While most of the syntax changes are pretty straightforward, your biggest challenge is going to be handling Python’s changes to how it handles strings. You’re going to find code paths that fall over only once you start trying to test them with input. Make the time to run your test suite on areas that interact with the wider world. Make sure you’re running some integration tests here!
Include it in Code Review
Depending on the size of your codebase, this is going to take some time. The rest of the business may not agree to stop feature development while the development teams work on this, so you’ll need to reach a compromise.
On our end, we incorporated the Python 3 project into our product development. To keep the two aligned, we agreed to enforce usage of Python 3 idioms,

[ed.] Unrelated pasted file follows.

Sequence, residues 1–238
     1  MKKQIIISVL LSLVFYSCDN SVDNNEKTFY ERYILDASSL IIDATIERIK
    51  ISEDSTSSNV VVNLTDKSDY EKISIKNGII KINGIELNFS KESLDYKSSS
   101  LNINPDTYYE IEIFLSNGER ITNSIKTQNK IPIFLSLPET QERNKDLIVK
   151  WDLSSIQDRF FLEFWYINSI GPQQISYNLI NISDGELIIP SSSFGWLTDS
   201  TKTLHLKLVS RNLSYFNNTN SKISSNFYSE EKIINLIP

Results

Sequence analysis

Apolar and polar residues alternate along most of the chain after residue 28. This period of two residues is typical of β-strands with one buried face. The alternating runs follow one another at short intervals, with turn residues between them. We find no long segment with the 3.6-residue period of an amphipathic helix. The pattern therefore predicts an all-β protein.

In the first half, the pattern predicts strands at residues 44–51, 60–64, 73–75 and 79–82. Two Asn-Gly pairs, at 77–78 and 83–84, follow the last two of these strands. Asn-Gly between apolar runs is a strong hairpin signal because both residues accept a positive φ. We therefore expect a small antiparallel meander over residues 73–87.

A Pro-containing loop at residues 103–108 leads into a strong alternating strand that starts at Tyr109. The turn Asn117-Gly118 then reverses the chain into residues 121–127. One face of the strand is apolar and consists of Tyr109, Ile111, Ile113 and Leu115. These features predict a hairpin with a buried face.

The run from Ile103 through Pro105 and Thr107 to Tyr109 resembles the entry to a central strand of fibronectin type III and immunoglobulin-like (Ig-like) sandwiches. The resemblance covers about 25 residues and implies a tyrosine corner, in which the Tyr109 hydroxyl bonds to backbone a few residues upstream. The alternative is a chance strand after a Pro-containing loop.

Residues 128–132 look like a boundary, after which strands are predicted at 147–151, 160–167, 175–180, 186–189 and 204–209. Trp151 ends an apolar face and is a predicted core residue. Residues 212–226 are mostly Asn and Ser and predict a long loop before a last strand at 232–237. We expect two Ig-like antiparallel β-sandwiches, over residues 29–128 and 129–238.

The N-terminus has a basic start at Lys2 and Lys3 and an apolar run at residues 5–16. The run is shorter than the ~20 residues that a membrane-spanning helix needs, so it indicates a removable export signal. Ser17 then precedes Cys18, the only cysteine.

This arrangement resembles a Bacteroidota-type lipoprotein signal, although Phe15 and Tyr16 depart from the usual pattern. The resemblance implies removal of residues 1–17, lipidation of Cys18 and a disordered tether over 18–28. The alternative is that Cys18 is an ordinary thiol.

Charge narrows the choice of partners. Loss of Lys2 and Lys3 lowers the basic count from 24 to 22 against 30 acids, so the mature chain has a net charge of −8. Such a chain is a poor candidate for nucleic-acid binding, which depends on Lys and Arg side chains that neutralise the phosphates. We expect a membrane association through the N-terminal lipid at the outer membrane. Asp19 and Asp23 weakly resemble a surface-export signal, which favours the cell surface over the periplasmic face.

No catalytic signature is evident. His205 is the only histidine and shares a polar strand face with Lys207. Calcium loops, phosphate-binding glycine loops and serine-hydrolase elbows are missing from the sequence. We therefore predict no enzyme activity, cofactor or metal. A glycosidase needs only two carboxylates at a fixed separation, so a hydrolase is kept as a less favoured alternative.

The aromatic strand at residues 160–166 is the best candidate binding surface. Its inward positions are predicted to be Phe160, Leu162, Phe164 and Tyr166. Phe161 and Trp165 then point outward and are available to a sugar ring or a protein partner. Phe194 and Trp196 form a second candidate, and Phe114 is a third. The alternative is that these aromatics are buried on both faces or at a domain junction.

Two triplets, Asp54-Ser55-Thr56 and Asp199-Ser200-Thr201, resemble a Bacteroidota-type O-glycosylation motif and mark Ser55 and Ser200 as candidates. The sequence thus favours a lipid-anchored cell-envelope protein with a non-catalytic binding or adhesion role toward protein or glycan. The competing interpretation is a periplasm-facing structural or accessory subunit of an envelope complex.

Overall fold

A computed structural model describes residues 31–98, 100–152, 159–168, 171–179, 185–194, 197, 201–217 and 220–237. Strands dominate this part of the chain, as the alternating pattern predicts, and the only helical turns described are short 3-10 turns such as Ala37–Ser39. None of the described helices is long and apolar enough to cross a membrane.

six etc. as part of our code review process. In short, the reviewer would look at every file edited and look for
unicode being replaced with
six.text_type, and a bunch of other changes.
The reality is that, as you code, you’re focused on solving the task at hand and not Python 3. By giving the reviewer permission to look for Python 3 compatibility, we were able to upgrade our most commonly used code very quickly and update some areas that we’d not have otherwise thought to look!
So how did we do? We still have one outstanding codebase that will miss to Python 3 goal, however our key product lines will be on Python 3 before the end of February. I’d say our approach worked pretty well.
If you’re working on upgrading your codebases to Python 3, let me know whether this helped! If you have any tips of your own, please share them below.